Opening the Indonesian market to a flood of cheap beef or buffalo meat from countries such as India would most likely cause prices to drop significantly for Indonesian consumers. While that would achieve the Government’s aim of reducing inflationary pressure on food prices, it would also potentially devastate many local farmers and feedlot operators.
The potential risk of importing FMD and re-infecting Indonesia’s cattle herd after 40 years of freedom from the disease is also a serious concern for Indonesian cattle producers and for Australia’s nearby cattle industry.
Leading cattle vet Ben Gardiner explained to Beef Central in this earlier article that FMD can be spread via the import of frozen beef.
Policy on the run
One trade source who spoke on the condition of anonymity said Indonesia currently presented a very difficult trading environment with Government policy “seeming to change every week.”
Earlier this month cattle importers received a letter advising them that a ministerial decree had been issued imposing a new 10pc value added tax on cattle sales. Two weeks later, in the midst of a butcher backlash against the higher prices caused by the new tax, an Indonesian Minister suddenly announced the policy had been rescinded.
The rising price of beef in Indonesia is driving internal pressure on the Government.
President Joko “Jokowi” Widodo yesterday urged several ministers to take steps to lower the prices of chicken and beef as he began to show more concern over the price increase of both commodities.
“[The issue] has become a major concern and must be dealt with immediately. The President has instructed us to consolidate, specifically the Agriculture Minister, Trade Minister, and Coordinating Minister for Economic Affairs, so that prices can be normalised,” Cabinet Secretary Pramono Anung Pramono said, according to local news outlet Tempo.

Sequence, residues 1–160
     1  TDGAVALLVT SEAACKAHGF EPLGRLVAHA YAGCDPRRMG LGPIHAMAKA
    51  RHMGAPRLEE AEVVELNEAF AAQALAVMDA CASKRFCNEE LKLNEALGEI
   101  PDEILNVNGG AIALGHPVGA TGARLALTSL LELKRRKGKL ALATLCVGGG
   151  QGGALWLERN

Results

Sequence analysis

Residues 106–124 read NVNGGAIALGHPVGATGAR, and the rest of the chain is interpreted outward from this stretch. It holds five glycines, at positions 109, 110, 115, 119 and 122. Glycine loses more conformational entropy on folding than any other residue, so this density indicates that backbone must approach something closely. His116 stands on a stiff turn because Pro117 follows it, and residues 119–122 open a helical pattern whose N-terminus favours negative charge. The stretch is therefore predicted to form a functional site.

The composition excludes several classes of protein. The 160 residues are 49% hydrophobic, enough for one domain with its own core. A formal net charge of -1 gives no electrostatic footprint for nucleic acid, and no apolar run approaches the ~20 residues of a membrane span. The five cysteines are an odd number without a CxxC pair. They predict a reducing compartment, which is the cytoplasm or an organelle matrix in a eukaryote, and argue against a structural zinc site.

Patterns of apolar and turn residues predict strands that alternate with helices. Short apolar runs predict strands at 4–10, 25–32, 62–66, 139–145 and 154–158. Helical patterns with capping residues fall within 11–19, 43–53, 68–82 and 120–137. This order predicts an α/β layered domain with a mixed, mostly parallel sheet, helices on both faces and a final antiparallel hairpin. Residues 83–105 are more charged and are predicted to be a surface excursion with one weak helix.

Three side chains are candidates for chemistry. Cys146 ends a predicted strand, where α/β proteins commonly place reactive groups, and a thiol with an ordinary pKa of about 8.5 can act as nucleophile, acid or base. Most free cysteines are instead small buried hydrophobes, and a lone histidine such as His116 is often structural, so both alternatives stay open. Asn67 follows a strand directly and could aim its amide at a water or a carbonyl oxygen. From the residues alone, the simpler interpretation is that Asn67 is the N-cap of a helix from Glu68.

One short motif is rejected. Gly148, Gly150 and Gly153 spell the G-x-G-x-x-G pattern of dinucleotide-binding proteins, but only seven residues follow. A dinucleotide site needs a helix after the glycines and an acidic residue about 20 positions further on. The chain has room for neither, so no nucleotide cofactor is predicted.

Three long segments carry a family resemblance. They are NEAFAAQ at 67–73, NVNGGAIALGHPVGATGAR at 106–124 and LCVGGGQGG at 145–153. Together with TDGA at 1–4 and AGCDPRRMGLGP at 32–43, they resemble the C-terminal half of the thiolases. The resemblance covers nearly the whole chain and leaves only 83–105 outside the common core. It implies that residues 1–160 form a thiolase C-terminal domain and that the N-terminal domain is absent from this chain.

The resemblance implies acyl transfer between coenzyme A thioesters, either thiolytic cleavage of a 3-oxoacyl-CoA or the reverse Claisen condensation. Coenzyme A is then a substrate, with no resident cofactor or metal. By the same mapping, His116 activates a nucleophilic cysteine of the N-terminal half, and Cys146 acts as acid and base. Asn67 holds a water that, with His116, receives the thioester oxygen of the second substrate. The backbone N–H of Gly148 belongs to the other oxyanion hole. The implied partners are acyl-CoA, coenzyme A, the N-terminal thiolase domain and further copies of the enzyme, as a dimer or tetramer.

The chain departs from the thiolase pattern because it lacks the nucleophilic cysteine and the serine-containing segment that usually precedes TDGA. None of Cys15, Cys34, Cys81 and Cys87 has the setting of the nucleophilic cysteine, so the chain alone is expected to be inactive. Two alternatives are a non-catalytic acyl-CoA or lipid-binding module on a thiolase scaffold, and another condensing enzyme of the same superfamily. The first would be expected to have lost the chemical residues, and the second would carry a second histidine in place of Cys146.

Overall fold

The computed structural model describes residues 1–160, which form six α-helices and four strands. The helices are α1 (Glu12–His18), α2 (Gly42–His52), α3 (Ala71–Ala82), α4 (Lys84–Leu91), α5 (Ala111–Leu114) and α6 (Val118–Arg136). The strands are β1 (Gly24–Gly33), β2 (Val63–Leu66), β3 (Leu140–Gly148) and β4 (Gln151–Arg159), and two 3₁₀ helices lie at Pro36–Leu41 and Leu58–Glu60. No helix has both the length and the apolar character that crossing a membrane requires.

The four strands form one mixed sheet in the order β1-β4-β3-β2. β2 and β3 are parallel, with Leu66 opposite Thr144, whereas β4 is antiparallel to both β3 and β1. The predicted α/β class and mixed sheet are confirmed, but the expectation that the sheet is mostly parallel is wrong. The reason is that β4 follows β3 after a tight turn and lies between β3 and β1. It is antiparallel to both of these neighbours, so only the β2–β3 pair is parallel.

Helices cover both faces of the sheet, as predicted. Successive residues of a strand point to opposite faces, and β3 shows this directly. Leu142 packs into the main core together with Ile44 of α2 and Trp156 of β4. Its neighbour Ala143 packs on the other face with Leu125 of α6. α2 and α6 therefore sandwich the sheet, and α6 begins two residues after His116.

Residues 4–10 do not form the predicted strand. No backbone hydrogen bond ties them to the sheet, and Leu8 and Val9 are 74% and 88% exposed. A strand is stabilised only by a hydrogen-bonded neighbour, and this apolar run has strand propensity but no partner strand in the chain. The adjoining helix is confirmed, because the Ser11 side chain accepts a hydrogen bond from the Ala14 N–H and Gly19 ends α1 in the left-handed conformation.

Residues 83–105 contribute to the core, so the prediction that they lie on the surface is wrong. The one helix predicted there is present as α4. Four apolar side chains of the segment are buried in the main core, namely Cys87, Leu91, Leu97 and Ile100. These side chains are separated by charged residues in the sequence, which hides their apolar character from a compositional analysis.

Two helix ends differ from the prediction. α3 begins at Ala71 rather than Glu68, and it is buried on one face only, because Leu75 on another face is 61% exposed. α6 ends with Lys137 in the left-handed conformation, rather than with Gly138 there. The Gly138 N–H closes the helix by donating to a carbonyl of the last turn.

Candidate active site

Current prices of chicken and beef are now actually higher compared to the Eid al-Fitr period, the newspaper said. Beef is currently averaging about IDR 121,000 per kilogram and chicken is up to IDR 35,000 per kilogram.
Kompas reported beef prices in wet markets in North Jakarta this week at around IDR 130,000 per kg.
The current high prices would appear to be at least partly caused by Indonesia’s sudden decision to cut cattle imports back to just 50,000 head in the third quarter of last year and the flow-on effect that decision has had on reduced beef availability in the market today.
However the Indonesian Government appears to be still placing blame at the feet of a “meat cartel”.
“According to Pramono, the government is currently trying to find the main cause of the price increase while at the same time, trying to find a solution to the problem,” a Tempo article this week said.
“Is it because of the 10 percent value-added tax for food products, or something else?” Pramono said.
“Pramono asserted that in addition to 10 percent value-added tax, another possible cause of the price increase is related to the meat cartel. Pramono said that the President’s attempt to eradicate meat cartel practices has resulted in certain reactions.”
Early reaction from trade sources in Australia suggested if Indian buffalo meat was to find its way into the Indonesian market, the impact would be felt more heavily by Australia’s live cattle export industry than by beef exporters.
Total beef exports to Indonesia last year were less than 40,000 tonnes, a 25pc decline on the 53,000t trade the year before, as part of the Indonesian Government’s renewed self-sufficiency push in commodities including beef. Most Australian beef trade is in lower quality frozen cuts and trim, often used for manufacturing purposes like Bakso balls.
Similarly, offal exports last year were dramatically lower at 43,600t, due to heavy restrictions on eligible offals imposed by Indonesian Government regulators. The year before, Indonesian offal imports reached 75,000t, making it Australia’s fourth largest offal market that year.
Consequently, any competition from cheap, low quality Indian buffalo meat was likely to have lesser relative impact on Australian beef exports than it otherwise would, Beef Central was told.